Wednesday, March 14, 2012

Words that make me think of songs

Is it just me or do songs play in your head when you hear certain words?

The other night I woke up to the rain tapping on the skylight and suddenly “I Love a Rainy Night” by Eddie Rabbit was in my mind, specifically the chorus:
“Well I love a rainy night
It’s such a beautiful sight
I love to feel the rain
On my face
Taste the rain on my lips
In the moonlight shadow.”

The song reached number one on the Billboard Hot 100, the Hot Country Singles and the Adult Contemporary Singles charts in 1981.
So much so that I did a little research on Edward Thomas Rabbit who was born Nov. 27, 1941, and died May 7, 1998, from lung cancer.
He grew up in New Jersey and moved to Nashville in the late 1960s.   He started his career as a songwriter and moved on to a recording career after penning hits such as “Kentucky Rain” – love that song – for Elvis Presley in 1969 or 1970 and “Pure Love” for Ronnie Milsap in 1974. Rabbit  wrote that one while eating Cap’n Crunch cereal!  And that was the song that led to a contract offer from Elektra Records.
Later that decade, he helped develop the crossover-influenced sound of country music prevalent in the 1980s with hits such as “Suspicions” and “Every Which Way But Loose.”
The duet “Friends and Lovers” with Juice Newton became the theme song for the super-couple Shane Donovan and Kimberly Brady on the daytime soap opera “Days of Our Lives.”
I didn’t watch that show, but many people did and I’m sure remember them very well.
Shane was portrayed by Charles Shaughnessy - I do remember him and thought he was so cute - and Kimberly was portrayed by Patsy Pease.
The duet “You and I” with Crystal Gayle was the wedding theme song for Natalie Marlowe and Trevor Dillon on "All My Children." Natalie was played by Kate Collins from 1985 to 1992 and by Melody Anderson from 1992 to 1993. David Jordan played Trevor in 1989 and James Kibberd played him from 1989 to 2000.
I watched “All My Children,” but I don’t remember Natalie and Trevor. My bad!
Back to Eddie Rabbit … seems I’m getting a bit carried away here.
His first single under the Elektra label, “You Get To Me,” made the top 40 in 1975. In 1978, “Forgive and Forget” and “I Should Have Married You” nearly made the Top 10.
After his infant son died in 1985, he put his career on hold. He returned to the music scene in 1988. In 1997, he was diagnosed with lung cancer and after a round of chemotherapy, he released the album “Beating’ the Odds.” In 1998, he released his final studio album, “Songs from Rabbitland.” He described it as “17 songs, jokes and stories I wrote for my kids as they were growing up.”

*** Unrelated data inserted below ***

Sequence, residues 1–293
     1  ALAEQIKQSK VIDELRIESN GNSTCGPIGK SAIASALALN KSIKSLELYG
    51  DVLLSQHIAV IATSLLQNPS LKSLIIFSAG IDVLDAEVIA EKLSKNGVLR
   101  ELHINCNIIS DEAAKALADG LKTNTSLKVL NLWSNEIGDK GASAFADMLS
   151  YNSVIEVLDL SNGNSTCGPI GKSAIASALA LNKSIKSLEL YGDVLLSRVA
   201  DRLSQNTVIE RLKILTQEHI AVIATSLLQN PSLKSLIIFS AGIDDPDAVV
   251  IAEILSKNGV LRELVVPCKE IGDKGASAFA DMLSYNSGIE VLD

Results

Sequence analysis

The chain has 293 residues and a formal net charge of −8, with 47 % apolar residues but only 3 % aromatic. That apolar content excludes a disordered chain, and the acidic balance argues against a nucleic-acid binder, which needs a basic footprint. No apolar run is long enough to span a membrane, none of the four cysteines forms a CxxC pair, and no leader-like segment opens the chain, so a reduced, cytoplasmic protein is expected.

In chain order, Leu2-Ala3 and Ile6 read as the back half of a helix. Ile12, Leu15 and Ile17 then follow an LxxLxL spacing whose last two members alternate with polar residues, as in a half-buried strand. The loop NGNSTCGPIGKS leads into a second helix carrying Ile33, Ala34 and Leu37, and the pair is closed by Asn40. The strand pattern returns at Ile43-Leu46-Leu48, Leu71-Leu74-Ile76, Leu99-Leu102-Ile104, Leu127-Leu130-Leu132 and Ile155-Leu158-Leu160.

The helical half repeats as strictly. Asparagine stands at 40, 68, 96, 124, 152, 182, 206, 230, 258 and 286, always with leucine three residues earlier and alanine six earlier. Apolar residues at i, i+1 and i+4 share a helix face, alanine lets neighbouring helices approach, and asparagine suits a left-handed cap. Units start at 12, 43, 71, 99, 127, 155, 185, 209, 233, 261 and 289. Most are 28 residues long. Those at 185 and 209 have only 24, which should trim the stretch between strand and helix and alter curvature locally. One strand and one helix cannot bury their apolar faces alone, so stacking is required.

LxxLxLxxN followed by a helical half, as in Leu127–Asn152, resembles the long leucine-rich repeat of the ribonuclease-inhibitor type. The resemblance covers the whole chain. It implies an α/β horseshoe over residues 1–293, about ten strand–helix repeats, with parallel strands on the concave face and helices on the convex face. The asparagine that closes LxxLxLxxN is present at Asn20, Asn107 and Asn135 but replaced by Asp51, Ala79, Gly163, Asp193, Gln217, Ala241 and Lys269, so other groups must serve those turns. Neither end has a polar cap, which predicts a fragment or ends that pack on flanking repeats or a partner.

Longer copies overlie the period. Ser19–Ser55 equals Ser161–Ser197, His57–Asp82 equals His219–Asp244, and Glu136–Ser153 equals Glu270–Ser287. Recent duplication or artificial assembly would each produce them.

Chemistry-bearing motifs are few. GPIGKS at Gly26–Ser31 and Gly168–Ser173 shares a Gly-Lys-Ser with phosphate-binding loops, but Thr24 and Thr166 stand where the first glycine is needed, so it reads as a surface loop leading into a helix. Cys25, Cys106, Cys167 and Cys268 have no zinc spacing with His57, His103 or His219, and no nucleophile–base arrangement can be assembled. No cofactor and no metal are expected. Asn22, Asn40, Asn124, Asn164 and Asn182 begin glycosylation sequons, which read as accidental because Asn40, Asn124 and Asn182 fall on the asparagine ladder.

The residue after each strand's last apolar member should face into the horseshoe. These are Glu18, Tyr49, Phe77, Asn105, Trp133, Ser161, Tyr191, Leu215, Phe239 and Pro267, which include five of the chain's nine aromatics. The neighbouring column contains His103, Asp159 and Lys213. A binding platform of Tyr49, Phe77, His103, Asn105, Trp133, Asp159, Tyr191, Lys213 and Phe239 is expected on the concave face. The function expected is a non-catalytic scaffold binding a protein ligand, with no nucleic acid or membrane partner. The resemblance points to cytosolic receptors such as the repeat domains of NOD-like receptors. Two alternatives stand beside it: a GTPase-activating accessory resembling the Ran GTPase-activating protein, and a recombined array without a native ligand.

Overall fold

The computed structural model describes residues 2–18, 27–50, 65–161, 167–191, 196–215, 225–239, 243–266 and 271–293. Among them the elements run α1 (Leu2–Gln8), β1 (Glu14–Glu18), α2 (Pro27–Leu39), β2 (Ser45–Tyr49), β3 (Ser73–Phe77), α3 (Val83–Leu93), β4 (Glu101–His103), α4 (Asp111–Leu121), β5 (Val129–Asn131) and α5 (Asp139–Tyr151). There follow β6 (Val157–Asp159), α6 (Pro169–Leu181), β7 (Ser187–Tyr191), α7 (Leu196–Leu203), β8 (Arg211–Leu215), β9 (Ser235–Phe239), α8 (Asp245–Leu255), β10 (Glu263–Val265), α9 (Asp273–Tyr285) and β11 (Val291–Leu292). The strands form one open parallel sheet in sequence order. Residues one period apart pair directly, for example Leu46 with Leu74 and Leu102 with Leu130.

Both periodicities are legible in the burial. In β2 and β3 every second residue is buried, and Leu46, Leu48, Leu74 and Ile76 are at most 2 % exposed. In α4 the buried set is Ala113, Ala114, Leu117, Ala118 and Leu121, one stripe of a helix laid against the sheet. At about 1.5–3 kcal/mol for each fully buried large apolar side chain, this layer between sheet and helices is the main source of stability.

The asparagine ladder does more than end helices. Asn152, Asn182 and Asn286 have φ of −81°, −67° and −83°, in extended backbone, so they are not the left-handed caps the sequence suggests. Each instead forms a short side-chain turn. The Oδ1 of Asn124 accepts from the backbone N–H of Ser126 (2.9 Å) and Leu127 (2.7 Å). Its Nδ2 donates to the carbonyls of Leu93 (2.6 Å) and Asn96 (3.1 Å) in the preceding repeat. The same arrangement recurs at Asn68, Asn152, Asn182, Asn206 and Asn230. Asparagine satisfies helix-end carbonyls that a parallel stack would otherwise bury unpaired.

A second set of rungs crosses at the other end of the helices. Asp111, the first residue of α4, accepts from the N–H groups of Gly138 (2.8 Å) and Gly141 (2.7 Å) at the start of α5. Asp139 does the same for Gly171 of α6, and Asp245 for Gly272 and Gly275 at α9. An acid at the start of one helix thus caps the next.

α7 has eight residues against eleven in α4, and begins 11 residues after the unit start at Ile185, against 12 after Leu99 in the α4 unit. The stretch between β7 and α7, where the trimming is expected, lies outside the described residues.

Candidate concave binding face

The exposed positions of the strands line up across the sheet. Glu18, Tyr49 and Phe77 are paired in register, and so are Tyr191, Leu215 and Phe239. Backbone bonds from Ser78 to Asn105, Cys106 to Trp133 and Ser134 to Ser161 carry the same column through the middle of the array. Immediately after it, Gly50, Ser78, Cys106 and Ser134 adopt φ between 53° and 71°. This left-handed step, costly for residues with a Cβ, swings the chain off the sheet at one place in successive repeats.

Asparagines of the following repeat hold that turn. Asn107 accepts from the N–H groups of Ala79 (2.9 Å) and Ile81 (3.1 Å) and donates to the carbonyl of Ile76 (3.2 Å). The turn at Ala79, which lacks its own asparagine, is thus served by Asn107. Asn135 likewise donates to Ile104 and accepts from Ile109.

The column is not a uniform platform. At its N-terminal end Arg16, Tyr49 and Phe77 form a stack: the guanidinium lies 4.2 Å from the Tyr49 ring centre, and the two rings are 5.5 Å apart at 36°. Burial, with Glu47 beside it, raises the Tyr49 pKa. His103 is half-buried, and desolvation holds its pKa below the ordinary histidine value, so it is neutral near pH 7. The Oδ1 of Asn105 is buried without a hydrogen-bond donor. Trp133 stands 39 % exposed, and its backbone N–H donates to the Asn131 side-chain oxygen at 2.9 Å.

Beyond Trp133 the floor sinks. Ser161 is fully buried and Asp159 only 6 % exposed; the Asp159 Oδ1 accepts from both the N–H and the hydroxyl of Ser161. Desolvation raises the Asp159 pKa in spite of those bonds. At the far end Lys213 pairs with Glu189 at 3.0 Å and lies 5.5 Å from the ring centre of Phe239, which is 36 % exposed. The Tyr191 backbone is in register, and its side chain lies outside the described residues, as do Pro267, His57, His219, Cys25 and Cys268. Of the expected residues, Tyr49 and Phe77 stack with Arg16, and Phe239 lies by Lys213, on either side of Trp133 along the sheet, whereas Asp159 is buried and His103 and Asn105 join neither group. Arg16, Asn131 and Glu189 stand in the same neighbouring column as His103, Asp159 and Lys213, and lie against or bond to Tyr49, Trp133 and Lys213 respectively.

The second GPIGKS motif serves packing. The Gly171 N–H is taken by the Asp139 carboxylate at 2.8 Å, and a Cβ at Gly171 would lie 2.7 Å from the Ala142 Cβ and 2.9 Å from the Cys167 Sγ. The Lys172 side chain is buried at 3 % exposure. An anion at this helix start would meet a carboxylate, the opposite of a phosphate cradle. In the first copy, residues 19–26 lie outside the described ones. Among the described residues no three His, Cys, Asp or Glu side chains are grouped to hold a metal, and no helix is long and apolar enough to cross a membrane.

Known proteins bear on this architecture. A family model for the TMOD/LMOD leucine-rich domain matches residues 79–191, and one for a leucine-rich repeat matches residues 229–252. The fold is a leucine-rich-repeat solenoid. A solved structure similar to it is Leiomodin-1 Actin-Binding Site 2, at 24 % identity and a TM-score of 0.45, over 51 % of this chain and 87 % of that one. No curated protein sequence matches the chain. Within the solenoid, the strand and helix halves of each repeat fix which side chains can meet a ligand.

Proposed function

Throughout his career, Eddie Rabbit wound up having 26 number one country hits and eight Top 40 pop hits.
He also won numerous awards including the Academy of Country Music Top New Male Vocalist in 1977, the Music City News Country Songwriter of the Year in 1979, the BMI Song of the Year for “Suspicion” in 1980, the BMI Two Million-Air Award for “Kentucky Rain” in 1994, and the BMI Three Million-Air Award for “I Love a Rainy Night” in 1996.

My friend Deanna and I saw Eddie Rabbit in Reno with Charo (cuchi-cuchi) back around 1978, if memory serves me right.  It was a great performance and we had a wonderful few days of vacation. My first real vacation without my parents. We even spent some time at Lake Tahoe. I remember the water being so very crystal clear.

Anyway ... back to the songs popping into my head. 
When I  blogged about it being wet, cold and windy, guess what song came to mind? Yep, that’s right. It was “Windy” by the Association.
“And Windy has stormy eyes
That flash at the sound of lies
And Windy has wings to fly
Above the clouds (above the clouds)”

And then, awhile back, we had a light dusting of snow overnight. The roads had been wet and, naturally, froze, so when I pulled out of the driveway, I felt the slipperyness - is that even a word? - on the road and the next thing I knew the Paul Simon song "Slip Sliding Away" was going through my head.
The parking lot at work was a sheet of ice. Too bad I didn’t have a rig I could’ve "cut some cookies" in and had a little fun. J
            I know the words to the song don’t have anything to do with sliding on the road, but … it still popped into my head.

   “Slip sliding away, slip sliding away … You know the nearer your destination, the more you’re slip sliding away.”
            Well, I guess I could say the nearer I got to work going down the hill, the more slip sliding I did, which was kinda true. Who cares? Doesn’t matter. The words pop in and the words pop out for no reasonable explanation!
            I could go on and on and on, but ... enough is enough.
            Have a great day!

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